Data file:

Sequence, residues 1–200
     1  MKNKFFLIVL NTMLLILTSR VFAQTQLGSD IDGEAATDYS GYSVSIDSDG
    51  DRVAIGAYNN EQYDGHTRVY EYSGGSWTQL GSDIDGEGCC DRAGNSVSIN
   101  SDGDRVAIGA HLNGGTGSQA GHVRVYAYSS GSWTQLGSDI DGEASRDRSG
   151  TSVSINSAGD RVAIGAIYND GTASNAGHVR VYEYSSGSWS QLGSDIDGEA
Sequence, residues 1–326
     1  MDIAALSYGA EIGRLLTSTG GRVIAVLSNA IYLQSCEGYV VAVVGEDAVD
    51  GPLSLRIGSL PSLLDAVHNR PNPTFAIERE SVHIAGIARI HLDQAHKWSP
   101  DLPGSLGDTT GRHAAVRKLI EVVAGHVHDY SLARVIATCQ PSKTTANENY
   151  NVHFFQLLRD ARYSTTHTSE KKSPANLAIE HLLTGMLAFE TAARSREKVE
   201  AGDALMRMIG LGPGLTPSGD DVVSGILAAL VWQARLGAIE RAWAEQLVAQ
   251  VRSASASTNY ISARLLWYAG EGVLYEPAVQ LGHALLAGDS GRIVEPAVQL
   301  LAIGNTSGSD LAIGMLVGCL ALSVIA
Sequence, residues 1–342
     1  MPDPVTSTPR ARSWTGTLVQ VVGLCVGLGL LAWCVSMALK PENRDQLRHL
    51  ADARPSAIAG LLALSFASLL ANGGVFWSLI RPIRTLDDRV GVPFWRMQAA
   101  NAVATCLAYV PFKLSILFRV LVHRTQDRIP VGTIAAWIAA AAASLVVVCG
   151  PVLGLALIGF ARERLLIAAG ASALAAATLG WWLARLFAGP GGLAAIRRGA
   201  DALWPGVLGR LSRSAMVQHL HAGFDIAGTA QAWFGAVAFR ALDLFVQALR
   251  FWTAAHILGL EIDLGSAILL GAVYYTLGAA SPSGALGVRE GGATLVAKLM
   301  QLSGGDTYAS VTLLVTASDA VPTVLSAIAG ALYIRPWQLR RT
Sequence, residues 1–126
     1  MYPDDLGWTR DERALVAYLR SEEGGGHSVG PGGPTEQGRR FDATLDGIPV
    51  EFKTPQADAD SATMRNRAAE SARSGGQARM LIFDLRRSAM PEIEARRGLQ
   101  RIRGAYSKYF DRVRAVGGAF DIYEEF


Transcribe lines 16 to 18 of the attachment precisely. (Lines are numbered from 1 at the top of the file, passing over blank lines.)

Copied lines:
    51  ADARPSAIAG LLALSFASLL ANGGVFWSLI RPIRTLDDRV GVPFWRMQAA
   101  NAVATCLAYV PFKLSILFRV LVHRTQDRIP VGTIAAWIAA AAASLVVVCG
   151  PVLGLALIGF ARERLLIAAG ASALAAATLG WWLARLFAGP GGLAAIRRGA